DP Energy partners with Spanish giant Iberdrola to develop offshore wind projects

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From its headquarters in Buttevant in North Cork, DP Energy operates sustainable energy projects in Ireland and overseas in Scotland, Canada and Australia.

DP Energy was founded in 1994 by Maureen De Pietro, a pioneer in the field of renewable energies.

Maureen’s son Simon joined her after turning down the opportunity to join Solar Turbines, an American company based in San Diego, Calif., As a gas turbine engineer.

In the years that followed, DP Energy gained a worldwide reputation as a developer of renewable energy projects spanning wind, solar and onshore tidal power.

Simon De Pietro is the CEO of the company and also co-president of Ocean Energy Europe (OEE), a position he has held for several years.

The OEE is the largest network of ocean energy professionals in the world. Its mission is to promote the development of marine energies.

Sustainability is a fundamental principle for DP Energy, whose team comes from a wide range of specialties, including engineering, marine sciences, project management and technical assistance.

The company’s main projects currently focus on a joint venture that the Cork-based company has with Iberdrola, the Spanish energy giant.

Together, they are developing three offshore wind projects off the Irish coast. All three pipeline projects will use floating wind technology.

Projects include Inis Ealga in Cork and Clarus in Clare. The third project, Shelmalere, will be located off the east coast and will have a fixed foundation.

Iberdrola has acquired a three gigawatt offshore wind energy pipeline and a controlling stake in the offshore operations of DP Energy.

The partnership with Iberdrola was born out of work carried out by DP Energy on onshore wind projects in Scottish Power’s territory – Scottish Power is a subsidiary of Iberdrola.

Iberdrola also recently acquired Port Augusta, another project from DP Energy based in South Australia.

Currently under construction, Port Augusta will use a hybrid mix of wind and solar energy.

De Pietro was, he said, “more than satisfied” with his company’s collaboration with Iberdrola, as a fundamental challenge in the supply of offshore wind energy was often the simple cost of construction.

“DP Energy decided many years ago that we wanted to develop Irish offshore wind power, but we recognized that we needed a partner,” said De Pietro.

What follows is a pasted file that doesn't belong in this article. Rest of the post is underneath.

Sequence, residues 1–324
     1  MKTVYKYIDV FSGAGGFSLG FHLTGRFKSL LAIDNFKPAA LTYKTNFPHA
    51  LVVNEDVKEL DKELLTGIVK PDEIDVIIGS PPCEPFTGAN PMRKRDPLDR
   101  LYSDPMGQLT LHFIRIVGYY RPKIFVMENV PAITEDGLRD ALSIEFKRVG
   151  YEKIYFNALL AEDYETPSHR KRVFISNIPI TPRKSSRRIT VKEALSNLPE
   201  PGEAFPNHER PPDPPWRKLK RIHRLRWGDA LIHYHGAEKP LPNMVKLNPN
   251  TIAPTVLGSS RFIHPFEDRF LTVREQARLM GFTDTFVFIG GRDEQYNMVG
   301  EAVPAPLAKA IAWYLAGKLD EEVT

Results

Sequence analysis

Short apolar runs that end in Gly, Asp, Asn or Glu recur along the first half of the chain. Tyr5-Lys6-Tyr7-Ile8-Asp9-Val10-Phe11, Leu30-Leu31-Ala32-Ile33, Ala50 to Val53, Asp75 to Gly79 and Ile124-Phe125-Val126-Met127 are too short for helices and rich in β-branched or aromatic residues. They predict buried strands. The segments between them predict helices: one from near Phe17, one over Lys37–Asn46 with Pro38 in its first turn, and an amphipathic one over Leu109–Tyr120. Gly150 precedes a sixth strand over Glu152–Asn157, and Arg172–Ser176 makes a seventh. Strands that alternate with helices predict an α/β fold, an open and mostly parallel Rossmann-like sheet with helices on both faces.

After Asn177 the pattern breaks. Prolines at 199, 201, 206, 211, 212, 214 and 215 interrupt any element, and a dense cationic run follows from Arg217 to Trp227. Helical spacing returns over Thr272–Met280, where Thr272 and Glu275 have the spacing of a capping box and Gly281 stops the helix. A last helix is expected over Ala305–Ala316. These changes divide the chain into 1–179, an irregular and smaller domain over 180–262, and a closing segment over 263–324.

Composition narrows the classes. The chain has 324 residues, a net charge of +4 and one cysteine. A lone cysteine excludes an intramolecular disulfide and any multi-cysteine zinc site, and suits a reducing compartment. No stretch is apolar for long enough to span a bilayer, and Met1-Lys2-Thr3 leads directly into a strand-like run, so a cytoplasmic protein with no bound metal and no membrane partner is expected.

“It was important to us that this partner shared a similar commitment to climate change and an ethical approach to development. Iberdrola corresponded to this bill.

“It is a global energy leader and one of the largest producers of renewable energy in the world. She also has solid experience in the development of offshore wind power.

A “light bulb moment” in De Pietro’s own journey into renewable energy came when he watched The Blue Planet, the 1990 film Imax, which featured images of the Earth shot from shuttles. space in orbit around the planet.

What struck De Pietro most was the way the film portrayed the fragility of our planet’s ecology and climate, and the evidence of damage from deforestation, pollution and uncontrolled carbon emissions.

Shortly after, De Pietro’s mother Maureen visited an animal shelter in Cambridgeshire, England and came across a small wind turbine there, producing clean electricity.

The realization that wind power could help reduce global carbon emissions led Maureen to her own revelation. She decided to quit her work as a partner in a Bristol law firm to embark on a new career in wind energy with Simon by her side.

During his own 30-year career in renewable energy development, Simon De Pietro has met his fair share of climate change skeptics and deniers. However, he is open to dialogue.

“We are happy to talk to anyone. At the end of the day, everyone has a right to an opinion. If that opinion is that they just don’t like the look of wind turbines, even after considering the benefits, then that’s fair enough, ”he said.

“The biggest challenge is making sure that accurate information is available to people, as misinformation is rife.”

DP Energy’s approach to its own renewable energy projects was “harmless to the environment,” said De Pietro.

“Sustainable development is development that does not compromise the ability of future generations to meet their own needs,” he said.

“We have conducted sustainable developments in a way that has the least possible impact on other species and the oceans, land and air that we all share together.”

DP Energy has an exciting future ahead of it. “Our plans for the Irish offshore market in particular are very solid for the next few years,” said De Pietro.

“Each of DP Energy / Iberdrola’s three offshore wind projects has the potential to generate one gigawatt of renewable energy, enough to power over 700,000 homes.

“Our team is currently working hard to design, agree and implement these programs to contribute to Ireland’s climate action plan of 70% renewable energy by the 2030 target.


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